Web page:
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Italians more likely to expel illegal immigrants

A majority of respondents in three European countries believe all illegal immigrants should be deported, according to a poll by Harris Interactive published in the Financial Times.

Sixty percent of respondents in Italy, 59% in Britain and 54% in Germany are in favor of expulsion. The United States is next on the list with 46%, followed by Spain with 43%, and France with 34%. In France, 19% of respondents would allow illegal immigrants with children attending school to stay, while expelling all others. Support for granting an amnesty to all illegal immigrants and regularize them reaches 15% in both Spain and the United States.

Earlier this month, the US Senate discussed a revised immigration bill, which would allow illegal immigrants to come forward and obtain a 'Z visa'. After paying fees, a $5,000 fine and then returning to their home countries, they could apply for permanent residency, which could be granted in eight to 13 years. The bill also includes a proposal to introduce a points system that would prioritize access to the US for skilled and educated immigrants, as well as new family-reunification guidelines. In December 2004, the Spanish government approved the regularization law. More than 690,000 foreign residents have filed their paperwork to remain in Spain legally.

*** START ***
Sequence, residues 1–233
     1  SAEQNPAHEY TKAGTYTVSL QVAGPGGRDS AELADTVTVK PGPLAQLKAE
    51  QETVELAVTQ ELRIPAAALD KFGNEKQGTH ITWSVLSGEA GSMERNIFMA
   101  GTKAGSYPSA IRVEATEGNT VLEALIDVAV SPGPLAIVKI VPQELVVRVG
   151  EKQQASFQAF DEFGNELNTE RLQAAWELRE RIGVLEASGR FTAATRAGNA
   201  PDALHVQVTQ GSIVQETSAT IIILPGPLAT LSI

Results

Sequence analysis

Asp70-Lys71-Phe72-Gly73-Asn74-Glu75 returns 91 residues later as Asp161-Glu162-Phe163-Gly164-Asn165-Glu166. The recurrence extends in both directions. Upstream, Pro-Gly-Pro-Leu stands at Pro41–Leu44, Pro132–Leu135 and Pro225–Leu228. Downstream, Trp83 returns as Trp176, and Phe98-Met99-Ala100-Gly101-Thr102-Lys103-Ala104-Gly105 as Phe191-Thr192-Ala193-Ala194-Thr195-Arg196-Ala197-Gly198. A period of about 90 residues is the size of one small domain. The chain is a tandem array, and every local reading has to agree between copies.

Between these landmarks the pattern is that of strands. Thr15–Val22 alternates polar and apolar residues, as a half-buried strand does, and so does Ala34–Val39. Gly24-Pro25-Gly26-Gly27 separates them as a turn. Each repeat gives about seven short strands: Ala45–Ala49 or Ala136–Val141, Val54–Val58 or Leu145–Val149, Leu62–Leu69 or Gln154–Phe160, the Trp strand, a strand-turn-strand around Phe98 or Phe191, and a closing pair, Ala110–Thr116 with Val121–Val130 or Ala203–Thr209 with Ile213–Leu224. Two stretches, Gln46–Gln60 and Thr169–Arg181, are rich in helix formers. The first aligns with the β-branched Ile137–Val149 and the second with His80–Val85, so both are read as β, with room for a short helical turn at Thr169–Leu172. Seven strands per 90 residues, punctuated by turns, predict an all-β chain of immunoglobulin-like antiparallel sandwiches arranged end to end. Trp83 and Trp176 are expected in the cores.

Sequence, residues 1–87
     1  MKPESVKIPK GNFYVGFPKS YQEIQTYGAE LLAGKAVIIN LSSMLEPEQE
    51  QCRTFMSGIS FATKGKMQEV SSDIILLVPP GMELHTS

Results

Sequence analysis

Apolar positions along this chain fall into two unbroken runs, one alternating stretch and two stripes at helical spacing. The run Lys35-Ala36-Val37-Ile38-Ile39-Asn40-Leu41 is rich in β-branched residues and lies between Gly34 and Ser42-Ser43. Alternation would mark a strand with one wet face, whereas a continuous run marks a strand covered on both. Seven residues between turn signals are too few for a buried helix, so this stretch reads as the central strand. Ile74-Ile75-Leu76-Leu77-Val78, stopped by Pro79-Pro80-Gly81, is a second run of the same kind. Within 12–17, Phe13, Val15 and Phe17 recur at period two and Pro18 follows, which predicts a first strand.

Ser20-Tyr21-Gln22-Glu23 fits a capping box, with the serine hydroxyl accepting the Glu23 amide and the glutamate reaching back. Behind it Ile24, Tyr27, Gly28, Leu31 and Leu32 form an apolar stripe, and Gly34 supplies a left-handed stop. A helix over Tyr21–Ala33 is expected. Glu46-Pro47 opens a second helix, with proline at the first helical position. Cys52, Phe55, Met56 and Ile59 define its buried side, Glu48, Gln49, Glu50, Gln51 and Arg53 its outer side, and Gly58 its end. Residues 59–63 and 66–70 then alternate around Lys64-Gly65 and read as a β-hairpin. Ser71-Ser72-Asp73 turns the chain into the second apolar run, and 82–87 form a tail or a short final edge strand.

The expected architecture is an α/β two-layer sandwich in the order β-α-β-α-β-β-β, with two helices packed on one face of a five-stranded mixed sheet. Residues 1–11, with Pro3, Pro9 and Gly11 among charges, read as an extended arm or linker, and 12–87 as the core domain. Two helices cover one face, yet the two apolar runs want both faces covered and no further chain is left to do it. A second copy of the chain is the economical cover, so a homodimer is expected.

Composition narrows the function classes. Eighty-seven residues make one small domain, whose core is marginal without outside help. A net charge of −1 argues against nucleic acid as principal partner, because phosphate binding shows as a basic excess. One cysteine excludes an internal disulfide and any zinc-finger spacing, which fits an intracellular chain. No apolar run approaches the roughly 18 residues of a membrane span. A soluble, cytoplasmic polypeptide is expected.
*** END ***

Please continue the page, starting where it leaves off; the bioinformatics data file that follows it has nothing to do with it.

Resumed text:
In early May, the European Commission released a proposal to levy penalties against businesses in the EU that employ illegal immigrants. EU commissioner Franco Frattini said about seven to 16% of the EU's GDP is conducted 'off the books', adding, „The near certainty of finding illegal work in EU member states is the main driving force behind illegal immigration. The EU must act together.” (